Getting with the Grid

The idea of sharing computer power could eventually rival even the Internet's impact.

What do you get when you cross a peer-to-peer (p-to-p) network (mostly used for trading pirated music and pornography) with a highly redundant server cluster (mostly used for mission-critical applications in Fortune 500 companies)?

The answer: grid computing. Ever since Seti@Home burst onto the scene in 1997, pretty much everyone with a desktop PC at work or home has been aware of how unused computing cycles can be used for various distributed computing projects. Despite the continuing race between Intel and AMD to deliver faster, more capable CPUs, far more computing cycles are spent idling between requests than actually doing anything.

Today's local-area networks (LANs) often have interconnect speeds that rival yesterday's supercomputers. In effect, a corporate network is a supercomputer, lacking only a mechanism for coordinating the activity of all its nodes. Today it doesn't matter that Bob's computer is sitting idle while he's at lunch while Amy, in the office next door, is tapping her fingers waiting for Excel to finish crunching numbers. When her hard disk fills up with those monster spreadsheets, the 20GB of empty space on Bob's system isn't going to help at all. While the two systems are connected in the sense that they can access the same resources, they do each other no good when it comes to computational power or storage.

Grid computing aims to change this, and its backers believe that its impact on computing could equal or exceed that of the Internet. Problems that are insoluble today could be a piece of cake in a grid-enabled world, while at the same time decentralized storage could offer a whole new level of performance and reliability to corporate networks.

The grid concept is really just an adaptation of the tried-and-true cluster concept. By moving the edge of the clusters out of the server room, grid aims to deliver many benefits of clustering to user devices.

Of course, every new technology promises to change the world, wash your car and balance your checkbook. However, I think grid really does have the potential to deliver on its big promises. So do many industry heavyweights, including IBM, Cisco, Microsoft, Sun and Hewlett-Packard.

Global Grid Forum:


Grid Computing Info Centre
(GRID Infoware):

The Grid Report:

Grid Computing Planet:

Powering Up Grid
Today, grid computing is very much in its infancy. However, its promise is so compelling that some companies are already rolling out early implementations. For instance, Pacific Life Insurance this year went with Entropia's DCGrid platform to get supercomputer-level computational power for its risk modeling system—without the expense of a supercomputer.

Grid computing isn't just for stuffed shirts and those with pocket protectors. Sony has announced that PlayStation 3 (PS3), scheduled for release in 2005, will use grid computing to deliver a huge performance improvement over PlayStation 2. While it's unclear exactly how grid is being applied in PS3, IBM's involvement in this initiative implies that it's more than just marketing hype.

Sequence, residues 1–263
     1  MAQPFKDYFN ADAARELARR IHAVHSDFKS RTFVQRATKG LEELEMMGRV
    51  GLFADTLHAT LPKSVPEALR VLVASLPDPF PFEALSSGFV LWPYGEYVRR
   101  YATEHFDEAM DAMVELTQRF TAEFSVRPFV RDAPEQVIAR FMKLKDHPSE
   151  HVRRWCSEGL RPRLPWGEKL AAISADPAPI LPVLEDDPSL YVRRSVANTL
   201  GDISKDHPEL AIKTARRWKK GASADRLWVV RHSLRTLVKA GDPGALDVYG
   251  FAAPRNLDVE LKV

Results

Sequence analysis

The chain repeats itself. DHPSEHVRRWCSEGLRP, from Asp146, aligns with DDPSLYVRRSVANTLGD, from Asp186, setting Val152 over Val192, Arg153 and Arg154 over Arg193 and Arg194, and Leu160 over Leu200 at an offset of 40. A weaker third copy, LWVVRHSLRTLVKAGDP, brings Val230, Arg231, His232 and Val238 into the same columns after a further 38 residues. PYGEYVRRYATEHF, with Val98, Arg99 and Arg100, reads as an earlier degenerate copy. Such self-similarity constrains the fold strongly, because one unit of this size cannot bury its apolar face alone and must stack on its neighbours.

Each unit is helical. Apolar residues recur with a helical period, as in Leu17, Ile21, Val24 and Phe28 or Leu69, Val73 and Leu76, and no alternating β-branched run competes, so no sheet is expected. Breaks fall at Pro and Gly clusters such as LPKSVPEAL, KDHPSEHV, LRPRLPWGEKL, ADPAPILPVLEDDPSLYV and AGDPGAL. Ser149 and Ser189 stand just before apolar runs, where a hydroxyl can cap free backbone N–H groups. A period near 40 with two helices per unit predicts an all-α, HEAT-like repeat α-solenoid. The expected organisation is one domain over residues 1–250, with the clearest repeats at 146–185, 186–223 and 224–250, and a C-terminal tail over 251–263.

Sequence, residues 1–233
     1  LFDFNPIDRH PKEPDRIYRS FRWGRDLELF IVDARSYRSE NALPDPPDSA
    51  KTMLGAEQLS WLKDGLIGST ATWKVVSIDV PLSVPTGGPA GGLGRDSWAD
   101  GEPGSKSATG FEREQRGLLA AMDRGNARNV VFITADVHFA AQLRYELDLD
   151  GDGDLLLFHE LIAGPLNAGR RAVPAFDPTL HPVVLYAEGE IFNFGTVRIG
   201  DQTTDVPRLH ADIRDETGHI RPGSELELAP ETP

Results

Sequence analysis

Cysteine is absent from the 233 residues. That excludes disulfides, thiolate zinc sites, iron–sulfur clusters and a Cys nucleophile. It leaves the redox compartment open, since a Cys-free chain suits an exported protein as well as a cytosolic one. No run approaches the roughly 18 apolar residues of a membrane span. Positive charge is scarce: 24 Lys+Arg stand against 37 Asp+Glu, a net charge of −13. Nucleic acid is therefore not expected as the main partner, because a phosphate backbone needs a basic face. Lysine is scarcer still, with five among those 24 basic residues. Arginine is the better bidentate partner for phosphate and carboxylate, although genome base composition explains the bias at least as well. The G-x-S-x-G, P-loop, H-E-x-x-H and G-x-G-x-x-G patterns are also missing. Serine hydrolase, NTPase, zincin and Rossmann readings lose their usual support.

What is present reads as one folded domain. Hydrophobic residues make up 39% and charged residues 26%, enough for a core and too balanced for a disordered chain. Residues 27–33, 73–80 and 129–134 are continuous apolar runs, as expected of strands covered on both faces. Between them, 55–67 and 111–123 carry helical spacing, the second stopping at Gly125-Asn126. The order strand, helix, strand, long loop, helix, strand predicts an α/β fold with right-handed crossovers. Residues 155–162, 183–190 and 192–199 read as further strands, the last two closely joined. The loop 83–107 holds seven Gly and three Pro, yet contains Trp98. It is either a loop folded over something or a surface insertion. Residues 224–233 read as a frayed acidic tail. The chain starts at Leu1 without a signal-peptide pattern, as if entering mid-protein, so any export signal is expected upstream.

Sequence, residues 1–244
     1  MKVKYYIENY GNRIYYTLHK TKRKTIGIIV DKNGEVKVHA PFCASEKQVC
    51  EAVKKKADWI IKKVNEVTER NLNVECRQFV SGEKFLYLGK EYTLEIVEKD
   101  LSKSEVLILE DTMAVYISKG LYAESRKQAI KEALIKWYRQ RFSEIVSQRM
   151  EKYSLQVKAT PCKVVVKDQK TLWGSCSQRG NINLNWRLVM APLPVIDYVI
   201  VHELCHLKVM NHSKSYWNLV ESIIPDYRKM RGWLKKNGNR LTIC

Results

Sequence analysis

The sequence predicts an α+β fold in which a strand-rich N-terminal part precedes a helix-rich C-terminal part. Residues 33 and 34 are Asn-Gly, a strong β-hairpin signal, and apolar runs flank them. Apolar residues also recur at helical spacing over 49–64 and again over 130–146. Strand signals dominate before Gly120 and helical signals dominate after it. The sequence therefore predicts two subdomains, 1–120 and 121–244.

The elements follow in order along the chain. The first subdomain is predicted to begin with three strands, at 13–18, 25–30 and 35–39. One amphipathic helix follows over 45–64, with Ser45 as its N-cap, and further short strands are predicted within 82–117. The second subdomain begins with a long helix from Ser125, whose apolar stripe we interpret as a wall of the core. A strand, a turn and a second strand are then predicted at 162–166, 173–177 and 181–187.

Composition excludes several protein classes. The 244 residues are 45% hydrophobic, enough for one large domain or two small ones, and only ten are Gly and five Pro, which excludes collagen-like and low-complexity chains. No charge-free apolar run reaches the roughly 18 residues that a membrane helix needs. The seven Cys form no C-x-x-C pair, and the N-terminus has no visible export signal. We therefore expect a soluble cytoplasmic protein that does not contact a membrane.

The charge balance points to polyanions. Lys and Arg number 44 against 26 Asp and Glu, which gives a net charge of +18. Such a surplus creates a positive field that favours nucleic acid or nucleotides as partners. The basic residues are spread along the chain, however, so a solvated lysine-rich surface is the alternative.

If all of this sounds a bit like the p-to-p applications out there (think Gnutella), it's no coincidence. While it's clear that some central coordination is needed for grid computing, maximizing performance and redundancy means using a p-to-p model to at least some degree. The issues of scalability and security that first appeared in p-to-p applications are also cropping up for grid computing.

Finding its Bearings
Like many new and revolutionary technologies, grid is largely being held up by constant revision and improvements to the lowest layers of the technology. A few years ago, it was enough of a triumph for researchers to learn how to efficiently divide up an application's workload for distributed computing. Today, debate and development center around the standards that grid-enabled devices will use to communicate with each other. In this era of XML and Web services, most efforts are headed in the standards direction.

The Global Grid Forum (GGF) is at the center of these efforts. Membership in the GGF reads like a combination of the Fortune 500 and the venture capital section of Red Herring magazine: On one hand there's Boeing, Raytheon and Ford (in addition to the aforementioned computing giants); on the other hand, you have the likes of Entropia and VA Linux Systems—relatively small but significant upstarts.

Like most technology development or evangelist organizations, the GGF operates several types of working groups, each one creating the protocols and definitions necessary to the overall grid initiative. Fortunately—and you might want to knock on wood here—it looks like grid will arrive as a unified, open standard that will be conducive to vendor interoperability, the lower costs associated with competition, and quicker fixes for security issues.

We're just beginning to contemplate the business implications of grid computing. Larger companies will likely find that they don't have a need for all of the processing power of their own grid, and could generate revenue by leasing time on their “supercomputer.” Likewise, grid may have an effect on the type of workstations that businesses buy. Keep your eyes open as grid moves closer to real-world deployment.

About the Author

Laura Wonnacott is VP of Business and Technology Development for Aguirre International, and a California State University system instructor.